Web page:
Buckeye Beat: Lake Erie’s salt mines
When Old Man Winter rears his icy head, there’s one thing that keeps Ohio from becoming a virtual slip’n’slide…
A natural de-icer, over 17 million tons of rock salt was spread over roads and sidewalks in the United States during the particularly fierce winter of 2015. But where does it all come from?
The answer might surprise you…
Ohio is one of the top exporters of salt in the country…and it’s actually mined right under our noses in places like Cargill’s Whiskey Island Mine. The 12-square-mile mine lies just offshore of downtown Cleveland. Lake Erie is the shallowest of the Great Lakes with a depth of about 56 feet near Cleveland – the salt mine lies about 1800 feet under the lake. A system of conveyor belts and elevators bring the salt to the surface. Left behind are gigantic pillars of salt – these support the weight of the thousands of feet of rock and lake above the mine. Engineers, like Bob, calculate the size and number of pillars needed to keep the mine safe.
But wait. Let’s back up a minute – how did all this salt get here, almost 2000 feet under Lake Erie?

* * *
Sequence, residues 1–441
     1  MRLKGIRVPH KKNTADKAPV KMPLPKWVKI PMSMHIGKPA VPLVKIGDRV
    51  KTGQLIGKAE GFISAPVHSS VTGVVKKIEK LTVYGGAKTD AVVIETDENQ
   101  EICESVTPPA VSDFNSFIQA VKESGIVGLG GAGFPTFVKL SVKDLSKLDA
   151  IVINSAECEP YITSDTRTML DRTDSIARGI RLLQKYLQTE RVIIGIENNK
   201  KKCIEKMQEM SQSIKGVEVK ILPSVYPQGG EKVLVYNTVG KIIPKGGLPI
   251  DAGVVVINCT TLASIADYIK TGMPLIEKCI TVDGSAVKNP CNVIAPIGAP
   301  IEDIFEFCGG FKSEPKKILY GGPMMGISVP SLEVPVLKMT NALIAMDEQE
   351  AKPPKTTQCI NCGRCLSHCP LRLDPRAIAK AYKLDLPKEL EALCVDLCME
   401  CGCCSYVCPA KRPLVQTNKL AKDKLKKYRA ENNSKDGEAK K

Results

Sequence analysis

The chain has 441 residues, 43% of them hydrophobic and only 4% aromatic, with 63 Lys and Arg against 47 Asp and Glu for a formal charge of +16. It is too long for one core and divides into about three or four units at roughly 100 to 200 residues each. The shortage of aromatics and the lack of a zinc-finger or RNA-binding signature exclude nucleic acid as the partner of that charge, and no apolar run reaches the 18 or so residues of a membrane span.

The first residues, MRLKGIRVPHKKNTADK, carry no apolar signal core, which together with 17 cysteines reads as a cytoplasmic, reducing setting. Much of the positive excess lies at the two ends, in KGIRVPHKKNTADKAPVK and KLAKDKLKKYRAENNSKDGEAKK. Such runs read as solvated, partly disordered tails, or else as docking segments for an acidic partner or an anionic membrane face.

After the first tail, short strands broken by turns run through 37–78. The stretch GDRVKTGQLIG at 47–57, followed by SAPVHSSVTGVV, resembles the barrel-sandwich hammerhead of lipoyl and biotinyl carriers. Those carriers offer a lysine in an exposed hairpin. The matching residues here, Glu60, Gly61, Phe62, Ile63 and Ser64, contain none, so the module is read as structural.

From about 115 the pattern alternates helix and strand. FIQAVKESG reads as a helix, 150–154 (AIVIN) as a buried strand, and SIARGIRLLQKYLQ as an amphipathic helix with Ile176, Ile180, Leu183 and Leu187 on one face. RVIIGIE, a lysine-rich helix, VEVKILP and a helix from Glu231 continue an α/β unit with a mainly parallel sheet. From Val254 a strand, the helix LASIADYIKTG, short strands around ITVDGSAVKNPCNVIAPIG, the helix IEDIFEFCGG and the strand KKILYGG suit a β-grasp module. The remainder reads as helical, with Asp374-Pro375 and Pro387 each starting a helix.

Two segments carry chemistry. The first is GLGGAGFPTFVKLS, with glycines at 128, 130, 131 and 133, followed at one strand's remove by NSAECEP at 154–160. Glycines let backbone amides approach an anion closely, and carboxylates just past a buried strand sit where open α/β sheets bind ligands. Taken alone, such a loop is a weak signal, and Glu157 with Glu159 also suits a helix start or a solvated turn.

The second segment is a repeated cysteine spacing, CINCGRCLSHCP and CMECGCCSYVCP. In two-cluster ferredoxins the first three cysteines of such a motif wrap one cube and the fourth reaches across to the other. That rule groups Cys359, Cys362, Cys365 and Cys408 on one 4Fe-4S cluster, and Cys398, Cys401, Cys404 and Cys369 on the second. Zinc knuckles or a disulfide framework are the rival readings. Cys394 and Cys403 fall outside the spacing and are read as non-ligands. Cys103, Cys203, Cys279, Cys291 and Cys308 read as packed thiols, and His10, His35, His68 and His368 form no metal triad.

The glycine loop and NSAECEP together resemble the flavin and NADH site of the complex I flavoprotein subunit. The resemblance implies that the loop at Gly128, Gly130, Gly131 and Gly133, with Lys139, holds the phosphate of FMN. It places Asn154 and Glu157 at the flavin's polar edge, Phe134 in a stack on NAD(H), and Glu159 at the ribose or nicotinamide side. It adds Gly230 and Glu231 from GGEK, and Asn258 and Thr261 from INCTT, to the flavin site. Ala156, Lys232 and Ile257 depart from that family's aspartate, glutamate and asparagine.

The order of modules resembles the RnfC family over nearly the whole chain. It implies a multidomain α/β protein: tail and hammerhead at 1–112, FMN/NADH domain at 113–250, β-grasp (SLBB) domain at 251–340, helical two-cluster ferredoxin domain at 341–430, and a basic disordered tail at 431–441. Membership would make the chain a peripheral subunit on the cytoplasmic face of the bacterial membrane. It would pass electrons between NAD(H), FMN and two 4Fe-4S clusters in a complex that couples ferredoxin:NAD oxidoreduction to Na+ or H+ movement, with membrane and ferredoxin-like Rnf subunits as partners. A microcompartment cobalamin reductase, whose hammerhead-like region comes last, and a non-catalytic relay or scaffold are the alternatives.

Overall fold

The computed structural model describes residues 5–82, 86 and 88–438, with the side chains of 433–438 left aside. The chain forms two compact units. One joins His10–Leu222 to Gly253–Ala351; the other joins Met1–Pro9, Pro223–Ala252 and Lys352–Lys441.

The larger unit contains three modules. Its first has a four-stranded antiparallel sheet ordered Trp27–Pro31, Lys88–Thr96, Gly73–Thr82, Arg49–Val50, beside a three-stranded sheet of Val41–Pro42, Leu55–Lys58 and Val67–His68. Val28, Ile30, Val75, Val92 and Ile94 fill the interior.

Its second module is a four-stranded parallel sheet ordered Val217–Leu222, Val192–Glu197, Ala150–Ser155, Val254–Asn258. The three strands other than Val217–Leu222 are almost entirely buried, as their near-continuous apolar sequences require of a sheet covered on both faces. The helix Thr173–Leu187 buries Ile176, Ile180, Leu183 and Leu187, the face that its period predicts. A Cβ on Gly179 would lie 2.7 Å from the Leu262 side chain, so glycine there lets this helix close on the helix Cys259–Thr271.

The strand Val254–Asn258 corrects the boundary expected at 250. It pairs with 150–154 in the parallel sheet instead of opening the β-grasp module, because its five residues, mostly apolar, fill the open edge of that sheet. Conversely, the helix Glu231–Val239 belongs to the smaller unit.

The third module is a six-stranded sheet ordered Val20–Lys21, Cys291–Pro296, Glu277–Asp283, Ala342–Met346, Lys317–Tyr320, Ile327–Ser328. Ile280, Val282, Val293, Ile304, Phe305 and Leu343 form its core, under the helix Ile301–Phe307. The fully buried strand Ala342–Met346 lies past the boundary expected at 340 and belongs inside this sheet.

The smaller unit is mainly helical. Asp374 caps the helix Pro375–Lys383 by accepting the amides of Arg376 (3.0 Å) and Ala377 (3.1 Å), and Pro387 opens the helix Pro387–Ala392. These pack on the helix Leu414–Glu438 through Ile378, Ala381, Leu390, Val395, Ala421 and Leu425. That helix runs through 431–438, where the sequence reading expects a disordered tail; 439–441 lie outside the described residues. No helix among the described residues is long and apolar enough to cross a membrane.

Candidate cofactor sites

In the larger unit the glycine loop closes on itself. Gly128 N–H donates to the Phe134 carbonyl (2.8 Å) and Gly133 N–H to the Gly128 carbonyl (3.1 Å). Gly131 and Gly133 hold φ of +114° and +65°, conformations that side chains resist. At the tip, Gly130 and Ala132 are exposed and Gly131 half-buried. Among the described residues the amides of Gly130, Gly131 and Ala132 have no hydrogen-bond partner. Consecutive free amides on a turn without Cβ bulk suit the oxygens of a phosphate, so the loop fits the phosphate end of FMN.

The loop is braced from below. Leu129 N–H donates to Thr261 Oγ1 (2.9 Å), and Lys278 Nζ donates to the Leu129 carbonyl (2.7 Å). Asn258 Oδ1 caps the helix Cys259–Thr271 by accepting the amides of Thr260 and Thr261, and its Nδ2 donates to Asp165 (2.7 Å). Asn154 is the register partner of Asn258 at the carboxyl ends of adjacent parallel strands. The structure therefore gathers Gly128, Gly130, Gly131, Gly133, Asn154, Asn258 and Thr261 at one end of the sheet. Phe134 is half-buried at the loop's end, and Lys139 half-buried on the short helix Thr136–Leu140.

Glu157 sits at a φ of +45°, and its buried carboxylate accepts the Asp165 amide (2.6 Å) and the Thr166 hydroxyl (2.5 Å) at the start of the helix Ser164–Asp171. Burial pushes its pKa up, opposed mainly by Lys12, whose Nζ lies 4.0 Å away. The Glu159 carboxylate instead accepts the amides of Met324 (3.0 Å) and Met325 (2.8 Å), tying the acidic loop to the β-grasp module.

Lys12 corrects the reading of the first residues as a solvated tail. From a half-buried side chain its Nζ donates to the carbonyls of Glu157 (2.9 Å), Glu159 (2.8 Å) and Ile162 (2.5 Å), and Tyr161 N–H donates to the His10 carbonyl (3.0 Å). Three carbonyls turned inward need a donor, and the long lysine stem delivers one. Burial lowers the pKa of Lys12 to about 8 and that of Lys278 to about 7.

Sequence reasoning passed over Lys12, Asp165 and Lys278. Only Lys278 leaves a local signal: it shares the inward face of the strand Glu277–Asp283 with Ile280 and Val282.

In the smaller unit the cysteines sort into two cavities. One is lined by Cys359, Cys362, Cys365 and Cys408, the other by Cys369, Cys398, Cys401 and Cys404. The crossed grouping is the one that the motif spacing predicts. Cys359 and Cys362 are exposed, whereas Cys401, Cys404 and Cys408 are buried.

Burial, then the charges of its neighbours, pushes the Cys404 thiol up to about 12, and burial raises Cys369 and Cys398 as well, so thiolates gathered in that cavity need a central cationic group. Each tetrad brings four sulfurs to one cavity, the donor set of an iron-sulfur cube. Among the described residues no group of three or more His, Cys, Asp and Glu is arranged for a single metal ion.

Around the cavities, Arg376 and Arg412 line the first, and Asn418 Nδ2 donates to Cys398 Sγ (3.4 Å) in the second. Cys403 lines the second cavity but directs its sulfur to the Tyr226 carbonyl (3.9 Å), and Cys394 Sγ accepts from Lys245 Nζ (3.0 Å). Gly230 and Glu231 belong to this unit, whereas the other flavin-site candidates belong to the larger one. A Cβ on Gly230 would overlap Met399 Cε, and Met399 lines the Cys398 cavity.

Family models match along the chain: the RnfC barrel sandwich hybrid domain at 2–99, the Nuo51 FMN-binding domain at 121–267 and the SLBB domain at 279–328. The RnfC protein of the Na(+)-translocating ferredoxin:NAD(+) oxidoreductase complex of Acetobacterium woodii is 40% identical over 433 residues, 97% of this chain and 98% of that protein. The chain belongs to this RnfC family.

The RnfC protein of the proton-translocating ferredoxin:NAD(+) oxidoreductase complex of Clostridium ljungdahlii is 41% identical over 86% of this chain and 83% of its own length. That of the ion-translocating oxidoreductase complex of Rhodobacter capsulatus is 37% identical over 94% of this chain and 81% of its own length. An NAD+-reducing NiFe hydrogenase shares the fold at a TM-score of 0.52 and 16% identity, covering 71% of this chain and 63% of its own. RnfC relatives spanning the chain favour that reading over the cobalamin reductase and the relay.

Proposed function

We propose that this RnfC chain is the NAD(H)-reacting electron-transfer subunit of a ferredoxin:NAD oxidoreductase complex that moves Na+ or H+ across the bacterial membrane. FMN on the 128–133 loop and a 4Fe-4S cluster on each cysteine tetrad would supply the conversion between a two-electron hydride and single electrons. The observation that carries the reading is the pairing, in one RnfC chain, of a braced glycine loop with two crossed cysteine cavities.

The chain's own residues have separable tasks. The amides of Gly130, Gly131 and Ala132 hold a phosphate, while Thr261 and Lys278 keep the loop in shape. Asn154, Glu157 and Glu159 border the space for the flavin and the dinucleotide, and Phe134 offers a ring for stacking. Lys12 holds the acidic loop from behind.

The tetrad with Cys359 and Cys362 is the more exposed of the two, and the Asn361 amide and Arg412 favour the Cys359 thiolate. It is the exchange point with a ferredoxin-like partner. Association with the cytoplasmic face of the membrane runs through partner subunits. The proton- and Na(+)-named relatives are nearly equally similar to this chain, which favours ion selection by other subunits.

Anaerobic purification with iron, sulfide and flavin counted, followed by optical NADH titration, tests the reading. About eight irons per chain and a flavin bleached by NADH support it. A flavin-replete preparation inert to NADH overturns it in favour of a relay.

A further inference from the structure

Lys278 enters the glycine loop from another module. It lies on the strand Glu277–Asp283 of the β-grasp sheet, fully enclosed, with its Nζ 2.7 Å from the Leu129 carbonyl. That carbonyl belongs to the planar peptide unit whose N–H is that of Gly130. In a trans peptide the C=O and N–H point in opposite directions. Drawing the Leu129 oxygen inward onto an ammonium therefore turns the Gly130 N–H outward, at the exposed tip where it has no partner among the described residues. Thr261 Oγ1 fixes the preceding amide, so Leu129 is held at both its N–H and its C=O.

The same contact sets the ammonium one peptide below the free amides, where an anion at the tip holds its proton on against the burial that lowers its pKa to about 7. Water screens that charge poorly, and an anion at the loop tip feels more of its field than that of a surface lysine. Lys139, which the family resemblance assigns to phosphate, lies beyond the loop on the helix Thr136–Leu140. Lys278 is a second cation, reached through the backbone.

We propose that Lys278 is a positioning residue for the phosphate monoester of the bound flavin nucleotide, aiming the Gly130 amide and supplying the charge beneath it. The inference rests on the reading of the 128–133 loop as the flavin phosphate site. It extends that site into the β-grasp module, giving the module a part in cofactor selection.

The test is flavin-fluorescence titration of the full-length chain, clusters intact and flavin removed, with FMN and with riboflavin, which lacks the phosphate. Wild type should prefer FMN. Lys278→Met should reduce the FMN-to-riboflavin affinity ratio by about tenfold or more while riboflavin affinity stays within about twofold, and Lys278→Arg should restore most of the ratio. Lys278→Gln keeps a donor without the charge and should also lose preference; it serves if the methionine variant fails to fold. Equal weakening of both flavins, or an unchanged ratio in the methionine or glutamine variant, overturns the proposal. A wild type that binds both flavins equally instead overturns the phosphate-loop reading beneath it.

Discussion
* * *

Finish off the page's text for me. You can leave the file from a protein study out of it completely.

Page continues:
To answer that question, we headed to Cleveland’s Museum of Natural History to talk to expert Harvey Webster.
So, Ohio was tropical – oh yeah, and covered in a shallow sea. And its inhabitants are not the kind of thing you see strolling in downtown Cleveland today.
Eventually, these tropical conditions – and some overgrown coral reeves caused the sea to dry up, leaving the salt behind.
The salt mine looks like another world – and it really is one. It’s the remains of world that existed long before man. But even if you never get down to the mine, you’ll still see pieces of this world scattered on icy roads all winter long.
Reference Book: The Encyclopedia of Cleveland History, Rock Salt
Website Article: Science Alert, 12 Rare Photos That Take You Inside An Amazing Salt Mine Hidden 2,000 Feet Below Lake Erie
Experiment: Science Kiddo, Why Salt Melts Ice
Website Article: Morton Salt, Salt Processing and Production
Website Article: National Oceanic and Atmospheric Administration, U.S. Winter Outlook predicts warmer, drier South and cooler, wetter North
Website Article: American Meteorological Society, All About Careers in Meteorology